As Nuclear Verdicts Become More Frequent, Attorneys Are Turning to Mock Trials & Focus Groups
Attorneys in recent years have increased their use of jury consulting services and focus groups, a trend that some Philadelphia-area court watchers see as driven by the growth of so-called “nuclear” verdicts, where a plaintiff is awarded hundreds of millions, or sometimes even billions, over personal injury claims.
“A lot of people are looking at these claims and saying, ‘This is a bad one. What can we do to avoid these surprises?’” said Rachel York Colangelo, the national managing director of jury consulting at Philadelphia-based Magna Legal Services. “There’s no need to be surprised.”
According to Colangelo and numerous civil attorneys, lawyers on both sides have been increasingly using jury consulting services, including mock trials, targeted questionnaires and focus groups, both online and in person. Attorneys have also reportedly been using the services earlier in the life of a case to help both with settlement talks and development of trial strategies.
Or, in the case of the defendants and carriers, to help get a grip as even the more run-of-the-mill verdicts are beginning to creep upward.
“It seems like a lot of those types of clients are saying something’s going on right now with more and more of these nuclear, outrageous verdicts,” Colangelo said.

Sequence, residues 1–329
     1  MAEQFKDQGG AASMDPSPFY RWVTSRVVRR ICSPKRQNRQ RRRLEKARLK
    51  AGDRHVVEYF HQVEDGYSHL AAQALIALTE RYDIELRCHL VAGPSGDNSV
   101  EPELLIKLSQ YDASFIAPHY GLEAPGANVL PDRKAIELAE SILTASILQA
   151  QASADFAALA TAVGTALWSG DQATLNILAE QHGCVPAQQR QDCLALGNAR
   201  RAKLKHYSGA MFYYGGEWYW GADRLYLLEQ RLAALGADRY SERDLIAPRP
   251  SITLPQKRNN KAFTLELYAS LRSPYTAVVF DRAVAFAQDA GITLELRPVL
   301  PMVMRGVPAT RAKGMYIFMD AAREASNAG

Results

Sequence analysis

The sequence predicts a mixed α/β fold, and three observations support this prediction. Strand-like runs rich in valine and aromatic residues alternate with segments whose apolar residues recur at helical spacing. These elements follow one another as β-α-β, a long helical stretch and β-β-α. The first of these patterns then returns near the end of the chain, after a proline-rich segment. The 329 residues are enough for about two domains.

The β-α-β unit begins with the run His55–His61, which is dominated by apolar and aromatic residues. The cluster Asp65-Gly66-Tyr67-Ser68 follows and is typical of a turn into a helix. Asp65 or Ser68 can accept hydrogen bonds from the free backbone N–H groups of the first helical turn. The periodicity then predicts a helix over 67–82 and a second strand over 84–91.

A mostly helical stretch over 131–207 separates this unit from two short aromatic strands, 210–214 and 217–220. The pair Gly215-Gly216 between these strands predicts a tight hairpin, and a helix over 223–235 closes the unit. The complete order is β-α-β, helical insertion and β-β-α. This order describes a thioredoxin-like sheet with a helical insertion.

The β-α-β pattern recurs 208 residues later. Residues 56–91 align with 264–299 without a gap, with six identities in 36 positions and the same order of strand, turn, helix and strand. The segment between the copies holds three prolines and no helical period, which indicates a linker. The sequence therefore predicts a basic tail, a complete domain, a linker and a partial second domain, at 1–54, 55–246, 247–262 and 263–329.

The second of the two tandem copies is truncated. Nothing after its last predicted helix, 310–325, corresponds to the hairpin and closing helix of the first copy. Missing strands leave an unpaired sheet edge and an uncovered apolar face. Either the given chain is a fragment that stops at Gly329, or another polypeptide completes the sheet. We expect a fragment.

The most obvious verdicts that come to mind are in the products liability arena, where a Texas jury last year awarded $4.7 billion to 22 plaintiffs injured by talcum powder, and where, in May, a California jury hit Monsanto with a $2 billion verdict over its weedkiller Roundup—a verdict that was later slashed to $86 million. However, according to Colangelo and others, defendants are also increasingly being surprised in smaller, more routine cases—in particular in trucking litigation—and so they have been increasingly turning to jury consulting services, like those provided by Magna.
Ricci Tyrrell Johnson & Grey attorney William Ricci, who focuses on products liability defense work, said he has noticed that excess carriers and self-insured defendants have increasingly been requesting attorneys perform mock trials, especially when facing a catastrophic injury case. He agreed that a “spike” in big-money verdicts appears to be fueling the trend.
“If you have an eight-figure demand in a catastrophic case in a city like Philadelphia, and it’s not the type of case you’ve been dealing with, there’s much more of a likelihood where the client, or the excess carrier, or both, will say, ‘Let’s consider getting a foc